6 On Your Side: Consumer Confidence, potential health hazards of red food dye
(ABC 6 News) – When it comes to food, appearances can be deceiving, especially when it comes to coloring and flavoring.
Think back to all those Valentine’s Day candies you may have enjoyed, especially the red ones.
Some of them could have been made with a food coloring called “Red No. 3” dye.
While the dye adds vibrant color, Consumer Reports explains it adds potentially harmful health hazards as well.
“Red No. 3 dye, also known as Erythrosine, is a synthetic dye derived from petroleum, and is used in food and drinks to give them a kind of bright cherry-red color,” explains Consumer Reports’ Lauren Kirchner.
Decades ago the Food and Drug Administration banned Red No. 3 dye from all cosmetics after studies showed it caused cancer in lab animals.
Yet the dye is still lurking in thousands of varieties of candies, gummies, cakes, beverages and even medicines.
“So, how is it possible that this coloring is banned in makeup but not from the candy that many of our children could be eating,” asks Kirchner.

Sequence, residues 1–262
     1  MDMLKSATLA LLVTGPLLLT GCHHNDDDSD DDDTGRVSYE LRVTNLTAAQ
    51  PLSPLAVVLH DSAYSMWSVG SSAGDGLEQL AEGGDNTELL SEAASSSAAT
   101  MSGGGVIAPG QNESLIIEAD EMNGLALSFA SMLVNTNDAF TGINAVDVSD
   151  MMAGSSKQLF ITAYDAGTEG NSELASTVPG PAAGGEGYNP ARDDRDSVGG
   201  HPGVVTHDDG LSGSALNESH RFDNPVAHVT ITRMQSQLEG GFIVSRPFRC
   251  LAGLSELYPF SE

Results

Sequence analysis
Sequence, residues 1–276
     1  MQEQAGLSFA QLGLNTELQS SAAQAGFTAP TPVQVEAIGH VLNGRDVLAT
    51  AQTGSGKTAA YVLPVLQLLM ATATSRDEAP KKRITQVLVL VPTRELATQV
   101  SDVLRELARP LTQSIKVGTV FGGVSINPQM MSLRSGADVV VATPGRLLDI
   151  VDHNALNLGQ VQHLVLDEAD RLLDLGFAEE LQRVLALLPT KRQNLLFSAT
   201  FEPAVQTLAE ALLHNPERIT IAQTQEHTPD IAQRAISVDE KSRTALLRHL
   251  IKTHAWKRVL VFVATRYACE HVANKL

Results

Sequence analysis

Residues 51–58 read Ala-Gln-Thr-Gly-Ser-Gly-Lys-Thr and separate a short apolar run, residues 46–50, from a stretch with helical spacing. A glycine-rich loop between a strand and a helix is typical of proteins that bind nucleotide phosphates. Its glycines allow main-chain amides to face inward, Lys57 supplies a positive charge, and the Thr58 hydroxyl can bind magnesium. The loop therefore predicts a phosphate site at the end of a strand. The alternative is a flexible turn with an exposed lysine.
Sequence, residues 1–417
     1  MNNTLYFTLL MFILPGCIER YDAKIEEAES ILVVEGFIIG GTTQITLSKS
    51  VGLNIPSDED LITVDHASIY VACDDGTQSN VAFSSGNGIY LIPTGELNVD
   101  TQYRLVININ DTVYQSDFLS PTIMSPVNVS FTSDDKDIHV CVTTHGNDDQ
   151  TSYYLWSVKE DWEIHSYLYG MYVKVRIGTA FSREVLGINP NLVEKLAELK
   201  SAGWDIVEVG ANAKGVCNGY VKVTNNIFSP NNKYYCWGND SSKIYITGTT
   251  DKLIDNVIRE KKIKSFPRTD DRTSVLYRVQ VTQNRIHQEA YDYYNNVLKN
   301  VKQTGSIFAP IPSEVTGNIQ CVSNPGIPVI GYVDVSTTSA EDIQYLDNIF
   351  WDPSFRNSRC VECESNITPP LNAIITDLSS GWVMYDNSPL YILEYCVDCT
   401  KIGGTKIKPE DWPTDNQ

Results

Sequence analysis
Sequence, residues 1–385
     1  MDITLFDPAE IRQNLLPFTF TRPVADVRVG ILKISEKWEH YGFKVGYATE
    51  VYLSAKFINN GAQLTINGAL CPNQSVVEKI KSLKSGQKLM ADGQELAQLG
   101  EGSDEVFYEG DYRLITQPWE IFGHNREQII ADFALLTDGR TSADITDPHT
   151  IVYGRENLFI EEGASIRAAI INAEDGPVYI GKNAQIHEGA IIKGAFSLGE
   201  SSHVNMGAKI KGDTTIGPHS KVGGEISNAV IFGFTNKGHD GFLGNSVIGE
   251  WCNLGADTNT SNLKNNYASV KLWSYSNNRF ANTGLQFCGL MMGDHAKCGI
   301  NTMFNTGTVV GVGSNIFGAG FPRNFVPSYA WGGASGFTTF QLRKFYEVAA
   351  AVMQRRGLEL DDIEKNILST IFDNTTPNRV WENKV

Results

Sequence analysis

That’s why last October, Consumer Reports, along with more than 20 other advocacy groups signed a petition from the Center for Science in the Public Interest to ask the FDA to prohibit the use of Red No. 3 dye in foods, dietary supplements and ingested drugs.
Besides the potential cancer risk, some studies show concerns that artificial food dyes, including Red No. 3, contribute to children’s neurobehavioral problems, such as hyperactivity.
The International Association of Color Manufacturers, an industry trade group, tells Consumer Reports that there is not enough evidence associating the dye with behavioral problems, and maintains it is safe at the levels most people consume.
The FDA requires manufacturers to list Red No. 3 dye on the label.
Food safety experts are also concerned about other artificial dyes.
Studies of kids’ exposure to Red No. 40, Yellow No. 5, and Yellow No. 6have similarity shown neurobehavioral effects in children.